New Delhi: The AN-32 plane of Indian Air Force that crashed in Arunachal Pradesh killing all 13 personnel on board was completely airworthy, Defence Minister Rajnath Singh informed Rajya Sabha on Monday.
He also said that the accident rate per 10,000 flying hours in the Air Force has come down from 1.04 in 1999 to 0.33 currently.
Replying to supplementaries during the Question Hour, he termed the accident as unfortunate but made it clear that there was no problem with the airworthiness of the aircraft.
He informed the House that a total of 13 people lost their lives in the AN-32 plane crash. The mortal remains of all have been recovered and sent to their families.
"I want to assure the House that our AN-32 fleet is airworthy and there was no problem. But this incident happened, which is very unfortunate," he told the house.
"The average accident rate has reduced from 1.04 per 10,000 flying hours in 1999 to 0.52 in 2004. This has further reduced to 0.46 in the next five years and currently the accident rate is 0.33 per 10,000 flying hours," he said.
The Defence Minister said a court of inquiry had been ordered within hours of the incident, and only after the report is submitted, the reasons for the accident will be ascertained.
"As far as planes are concerned, particularly AN-32 planes, so far 52 have been upgraded, but we cannot say that those planes which have not been upgraded yet are not airworthy. It would not be fair to assume so," he said.
Singh said he will inform the House once he gets information on previous court of inquiries and the shortcomings pointed out by them.
"If there was no improvement, the rate of accidents per 10,000 flying hours would not have come down. There must have been many improvements brought about," he said, while replying to a question on whether any steps have been taken to prevent air accidents.
He told the House that the upgradation of aircraft is a regular process and told a member that the MIG-29s would also come under it.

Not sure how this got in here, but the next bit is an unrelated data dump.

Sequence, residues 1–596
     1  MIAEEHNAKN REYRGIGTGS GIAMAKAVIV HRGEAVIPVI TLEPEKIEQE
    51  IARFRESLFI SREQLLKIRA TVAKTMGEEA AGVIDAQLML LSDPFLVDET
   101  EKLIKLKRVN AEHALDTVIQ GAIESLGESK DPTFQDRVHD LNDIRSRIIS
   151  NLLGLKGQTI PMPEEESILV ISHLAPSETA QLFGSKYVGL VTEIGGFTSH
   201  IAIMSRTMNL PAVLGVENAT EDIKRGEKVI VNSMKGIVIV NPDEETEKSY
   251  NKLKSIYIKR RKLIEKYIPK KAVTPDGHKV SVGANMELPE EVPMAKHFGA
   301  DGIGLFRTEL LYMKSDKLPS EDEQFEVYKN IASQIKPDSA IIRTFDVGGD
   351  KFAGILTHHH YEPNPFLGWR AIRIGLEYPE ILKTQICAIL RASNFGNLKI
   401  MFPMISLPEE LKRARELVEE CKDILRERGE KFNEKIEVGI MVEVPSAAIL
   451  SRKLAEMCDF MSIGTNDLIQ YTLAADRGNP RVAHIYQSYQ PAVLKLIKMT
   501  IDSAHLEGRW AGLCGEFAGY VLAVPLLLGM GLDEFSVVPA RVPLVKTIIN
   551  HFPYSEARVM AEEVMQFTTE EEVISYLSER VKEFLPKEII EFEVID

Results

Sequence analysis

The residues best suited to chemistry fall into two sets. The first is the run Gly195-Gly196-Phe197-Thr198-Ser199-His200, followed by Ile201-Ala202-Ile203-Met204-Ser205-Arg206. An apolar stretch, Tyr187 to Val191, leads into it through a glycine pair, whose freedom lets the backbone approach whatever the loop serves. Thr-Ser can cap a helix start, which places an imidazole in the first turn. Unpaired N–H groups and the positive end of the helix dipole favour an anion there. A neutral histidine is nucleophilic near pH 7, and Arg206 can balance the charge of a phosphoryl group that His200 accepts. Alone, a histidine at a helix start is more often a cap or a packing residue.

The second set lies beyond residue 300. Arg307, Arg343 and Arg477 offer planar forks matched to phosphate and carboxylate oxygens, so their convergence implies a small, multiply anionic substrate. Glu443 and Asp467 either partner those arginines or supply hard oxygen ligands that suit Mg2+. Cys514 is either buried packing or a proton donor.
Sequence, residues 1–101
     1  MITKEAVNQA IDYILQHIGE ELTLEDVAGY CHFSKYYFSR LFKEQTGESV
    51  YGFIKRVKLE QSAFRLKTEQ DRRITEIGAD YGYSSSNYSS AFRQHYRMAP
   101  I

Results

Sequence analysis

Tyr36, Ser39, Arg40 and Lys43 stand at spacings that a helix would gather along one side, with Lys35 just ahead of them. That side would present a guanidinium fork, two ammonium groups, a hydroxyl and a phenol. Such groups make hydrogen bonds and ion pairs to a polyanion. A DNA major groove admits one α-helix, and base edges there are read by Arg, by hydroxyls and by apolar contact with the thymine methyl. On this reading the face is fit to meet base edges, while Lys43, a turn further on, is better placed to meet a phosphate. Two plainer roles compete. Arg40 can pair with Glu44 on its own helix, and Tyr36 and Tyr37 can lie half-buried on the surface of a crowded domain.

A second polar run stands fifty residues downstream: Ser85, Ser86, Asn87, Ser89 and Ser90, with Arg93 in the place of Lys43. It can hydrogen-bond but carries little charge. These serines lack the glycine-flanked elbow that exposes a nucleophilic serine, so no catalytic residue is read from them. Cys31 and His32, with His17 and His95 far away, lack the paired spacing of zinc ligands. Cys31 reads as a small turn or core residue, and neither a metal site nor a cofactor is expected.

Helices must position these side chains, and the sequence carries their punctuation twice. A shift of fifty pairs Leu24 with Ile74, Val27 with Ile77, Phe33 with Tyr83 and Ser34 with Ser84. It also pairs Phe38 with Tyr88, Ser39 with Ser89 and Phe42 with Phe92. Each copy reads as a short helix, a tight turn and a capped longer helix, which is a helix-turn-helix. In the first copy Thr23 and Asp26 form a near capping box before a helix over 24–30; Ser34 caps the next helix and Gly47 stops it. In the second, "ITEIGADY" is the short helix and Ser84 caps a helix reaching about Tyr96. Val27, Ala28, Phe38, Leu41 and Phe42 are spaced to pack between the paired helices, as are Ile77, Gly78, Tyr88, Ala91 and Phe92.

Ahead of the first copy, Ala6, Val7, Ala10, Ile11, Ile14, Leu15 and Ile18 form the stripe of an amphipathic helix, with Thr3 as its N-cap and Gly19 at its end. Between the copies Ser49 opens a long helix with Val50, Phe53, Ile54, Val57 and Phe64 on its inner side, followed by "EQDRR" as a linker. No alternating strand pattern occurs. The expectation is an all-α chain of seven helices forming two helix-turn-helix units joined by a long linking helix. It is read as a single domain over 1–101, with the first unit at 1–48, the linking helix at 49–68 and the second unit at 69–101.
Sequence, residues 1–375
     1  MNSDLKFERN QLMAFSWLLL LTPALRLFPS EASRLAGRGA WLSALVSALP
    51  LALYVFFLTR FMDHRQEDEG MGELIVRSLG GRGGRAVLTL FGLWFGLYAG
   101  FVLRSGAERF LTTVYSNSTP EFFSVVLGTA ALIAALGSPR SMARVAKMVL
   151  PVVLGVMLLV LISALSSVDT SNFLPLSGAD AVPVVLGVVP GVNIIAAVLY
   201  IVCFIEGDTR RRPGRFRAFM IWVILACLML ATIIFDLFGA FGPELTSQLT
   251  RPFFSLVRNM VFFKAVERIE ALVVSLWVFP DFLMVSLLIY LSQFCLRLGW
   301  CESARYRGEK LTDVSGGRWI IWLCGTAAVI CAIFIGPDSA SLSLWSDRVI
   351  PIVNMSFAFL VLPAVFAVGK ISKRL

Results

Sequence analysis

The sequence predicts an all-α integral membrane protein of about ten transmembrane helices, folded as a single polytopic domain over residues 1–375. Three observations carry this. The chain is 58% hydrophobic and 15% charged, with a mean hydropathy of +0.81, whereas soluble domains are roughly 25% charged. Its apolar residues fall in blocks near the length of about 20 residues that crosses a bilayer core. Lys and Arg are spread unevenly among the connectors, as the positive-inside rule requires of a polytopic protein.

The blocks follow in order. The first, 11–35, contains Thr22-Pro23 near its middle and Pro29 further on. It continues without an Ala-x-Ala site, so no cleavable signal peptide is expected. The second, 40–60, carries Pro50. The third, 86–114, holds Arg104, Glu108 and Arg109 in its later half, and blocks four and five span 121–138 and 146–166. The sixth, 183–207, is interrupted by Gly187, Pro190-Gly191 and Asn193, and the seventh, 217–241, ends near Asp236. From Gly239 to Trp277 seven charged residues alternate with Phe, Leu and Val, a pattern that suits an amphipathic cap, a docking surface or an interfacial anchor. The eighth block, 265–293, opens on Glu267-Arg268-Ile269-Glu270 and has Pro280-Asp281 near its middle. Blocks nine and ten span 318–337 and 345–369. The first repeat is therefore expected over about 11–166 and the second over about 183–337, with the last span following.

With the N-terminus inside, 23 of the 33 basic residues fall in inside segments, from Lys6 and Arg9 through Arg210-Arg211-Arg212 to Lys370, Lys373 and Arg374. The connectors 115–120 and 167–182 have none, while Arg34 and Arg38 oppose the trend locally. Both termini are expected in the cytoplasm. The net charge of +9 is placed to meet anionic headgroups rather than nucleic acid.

"The wreckage of AN-32 aircraft which went missing was located on 11.06.2019 in a place 16 km north of Lipo village in Arunachal Pradesh. All 13 personnel on board sustained fatal injuries. Every aircraft accident is analysed through a Court/Board of Inquiry and remedial measures are undertaken accordingly," the Minister said in his written reply.
To another question, the Defence minister informed the House that a total of 6,900 war widows have been provided training so far.
A suggestion to call war widows as 'Shaheed Patni' was also given by BJP member Vinay Sahasrebuddhe.
Singh also said that the OROP demand of ex-servicemen was there for 40 years and the previous NDA government implemented it within a year of coming to power.
Of the 105 AN-32 aircraft planned for upgradation, work on 55 aircraft has been completed, the government said, adding no transporter jet is fitted with "obsolete" and "outdated" emergency locator transmitters.
In a written response to a question in Rajya Sabha, Minister of State for Defence Shripad Naik said equipment fitted on AN-32 aircraft are functional and serviceable on all aircraft that are flying.
He also said all transport aircraft in the Indian Air Force (IAF) cleared for flying are fully airworthy.
"Out of 105 AN-32 aircraft planned for upgradation, 55 aircraft have been upgraded - 40 aircraft at Kiev, Ukraine and 15 aircraft at 1 BRD, Kanpur. Upgradation of the remaining aircraft is planned in a phased manner depending upon the supply of mod kits by Ukraine," Naik said.
"No aircraft is fitted with obsolete and outdated Emergency Locator Transmitter (ELT)," the minister added.